When it comes to recruitment, many of us think of people just as individuals. We imagine there is a scattering of people out there from whom to recruit (left side of image).
The reality is different. Most people are not attracted to groups as individual entities. Ask around, and you’ll find that very few people get involved in a cause because they receive a flyer, get sent an e-mail, see a poster, or see a Facebook post. Most people join a group or get involved because someone they know personally invited them. That’s because society is better understood as clusters of “social circles” (right side of image).
Social circles may be organized as formal or informal groups—religious communities, tables at lunchtime, close neighbors, etc. If you happen to be on Facebook, you can see your social circle by the number of people who are friends of friends.
The quickest way to build a group is to ask people in your networks of friends or family. Those people are the most likely to say yes to you. But at some time a group reaches all those in its initial social circle and stops growing. Continuing to reach out within that circle may not bring in many more people.
Some groups then make the mistake of thinking they cannot get new support. They may then start to become culturally insular and take on the social characteristics of that initial social group. That alienates others and makes it harder for new social groups, with different norms and cultures, to join.
The challenge is to jump out of your social circle and find people connected with other social circles. Some ways to do this:
- Show up at the events and meetings of people outside your circle—it’s a great chance to meet others, see how they work, and find out where their values overlap with your campaign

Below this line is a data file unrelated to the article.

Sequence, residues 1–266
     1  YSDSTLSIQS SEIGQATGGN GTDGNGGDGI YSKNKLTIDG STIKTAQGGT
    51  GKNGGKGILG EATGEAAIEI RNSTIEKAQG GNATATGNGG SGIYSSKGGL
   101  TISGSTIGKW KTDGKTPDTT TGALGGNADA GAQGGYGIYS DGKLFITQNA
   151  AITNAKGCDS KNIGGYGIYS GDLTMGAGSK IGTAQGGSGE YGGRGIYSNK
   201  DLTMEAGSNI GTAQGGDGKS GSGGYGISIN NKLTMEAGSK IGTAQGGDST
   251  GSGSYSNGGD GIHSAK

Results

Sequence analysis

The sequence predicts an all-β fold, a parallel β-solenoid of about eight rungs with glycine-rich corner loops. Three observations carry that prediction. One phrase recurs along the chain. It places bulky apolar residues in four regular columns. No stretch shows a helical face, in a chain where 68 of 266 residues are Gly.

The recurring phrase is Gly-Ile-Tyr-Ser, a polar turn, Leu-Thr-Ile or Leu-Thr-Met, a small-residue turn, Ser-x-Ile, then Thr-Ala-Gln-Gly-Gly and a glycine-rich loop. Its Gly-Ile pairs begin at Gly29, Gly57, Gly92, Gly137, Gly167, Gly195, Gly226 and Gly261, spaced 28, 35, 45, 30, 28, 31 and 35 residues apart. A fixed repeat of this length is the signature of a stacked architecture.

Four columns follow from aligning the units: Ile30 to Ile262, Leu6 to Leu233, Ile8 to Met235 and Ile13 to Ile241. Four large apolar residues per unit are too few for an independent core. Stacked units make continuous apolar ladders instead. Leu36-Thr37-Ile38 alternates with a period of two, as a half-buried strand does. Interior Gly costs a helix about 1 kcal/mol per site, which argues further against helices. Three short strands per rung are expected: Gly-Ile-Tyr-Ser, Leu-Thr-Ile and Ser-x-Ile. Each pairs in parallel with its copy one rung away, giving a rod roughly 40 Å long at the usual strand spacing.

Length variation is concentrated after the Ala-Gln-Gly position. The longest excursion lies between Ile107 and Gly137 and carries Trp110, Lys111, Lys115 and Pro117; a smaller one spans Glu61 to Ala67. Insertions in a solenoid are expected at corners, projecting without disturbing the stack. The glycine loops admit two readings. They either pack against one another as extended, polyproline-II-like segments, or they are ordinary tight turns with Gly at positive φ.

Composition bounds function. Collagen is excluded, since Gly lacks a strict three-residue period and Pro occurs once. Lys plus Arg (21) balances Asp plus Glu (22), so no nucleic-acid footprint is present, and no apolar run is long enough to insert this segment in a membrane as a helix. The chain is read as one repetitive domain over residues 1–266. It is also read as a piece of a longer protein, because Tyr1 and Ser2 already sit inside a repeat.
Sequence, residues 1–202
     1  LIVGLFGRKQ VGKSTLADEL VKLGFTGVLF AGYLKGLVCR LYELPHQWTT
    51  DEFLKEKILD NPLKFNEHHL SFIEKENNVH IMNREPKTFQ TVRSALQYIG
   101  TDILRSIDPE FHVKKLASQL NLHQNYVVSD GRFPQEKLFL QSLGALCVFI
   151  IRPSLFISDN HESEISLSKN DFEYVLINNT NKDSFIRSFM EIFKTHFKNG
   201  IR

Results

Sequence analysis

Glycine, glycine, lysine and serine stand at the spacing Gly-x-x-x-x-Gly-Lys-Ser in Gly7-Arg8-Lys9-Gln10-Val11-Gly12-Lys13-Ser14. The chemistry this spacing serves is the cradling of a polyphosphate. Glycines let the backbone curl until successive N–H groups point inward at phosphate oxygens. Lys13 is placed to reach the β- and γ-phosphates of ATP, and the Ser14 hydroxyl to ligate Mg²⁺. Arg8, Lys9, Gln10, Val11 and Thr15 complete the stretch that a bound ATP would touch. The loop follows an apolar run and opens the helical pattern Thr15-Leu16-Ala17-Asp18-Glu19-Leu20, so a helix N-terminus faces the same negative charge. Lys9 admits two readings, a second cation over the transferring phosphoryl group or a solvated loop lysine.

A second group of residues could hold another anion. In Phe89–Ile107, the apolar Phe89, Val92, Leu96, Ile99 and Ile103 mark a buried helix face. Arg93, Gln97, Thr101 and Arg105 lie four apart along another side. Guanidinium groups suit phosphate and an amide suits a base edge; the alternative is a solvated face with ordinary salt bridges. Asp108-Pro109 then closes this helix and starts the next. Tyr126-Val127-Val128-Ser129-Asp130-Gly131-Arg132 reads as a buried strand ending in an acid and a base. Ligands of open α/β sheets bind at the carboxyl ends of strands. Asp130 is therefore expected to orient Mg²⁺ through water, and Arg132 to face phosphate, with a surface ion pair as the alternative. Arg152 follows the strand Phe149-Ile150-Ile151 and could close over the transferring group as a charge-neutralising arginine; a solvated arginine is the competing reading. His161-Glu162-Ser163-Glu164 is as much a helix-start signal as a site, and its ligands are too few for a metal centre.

- Stop doing the tactics you’ve been doing and try new ones that might appeal to different audiences—if your tactics are marches, vigils, or standing outside of prisons during executions and it’s not working, then it’s time to change tactics. Ritualizing our actions makes us predictable and boring. People want to join interesting groups with fresh ideas.
- Notice when other groups reach out toward your movement, and follow up with them. For example, new groups spoke out on climate change following the Pope’s encyclical or reports from the health community about the devastating effects of climate change. We could follow up with Catholic churches and health advocates who are signalling they want to be involved.
- Do lots of one-on-ones with leaders from other movements and groups. Meet with different people, not to recruit them, but to learn from them. What are their values? What interests them? What strategies recruit people like them?
- Design an online petition or action that speaks to broad values and gets a new set of people engaged. Then follow-up with some one-on-one outreach to people on that list.
- Do direct service—Gandhi was a big fan of what he called the “constructive program,” which means not only campaigning against what we don’t want, but also building the alternative that we do want. Direct service and other community-based projects put us close others who want to make things better. Who better to hear about joining your campaign?
Growing outside of your social circle takes time, but when it comes to building successful groups, it’s worth the effort.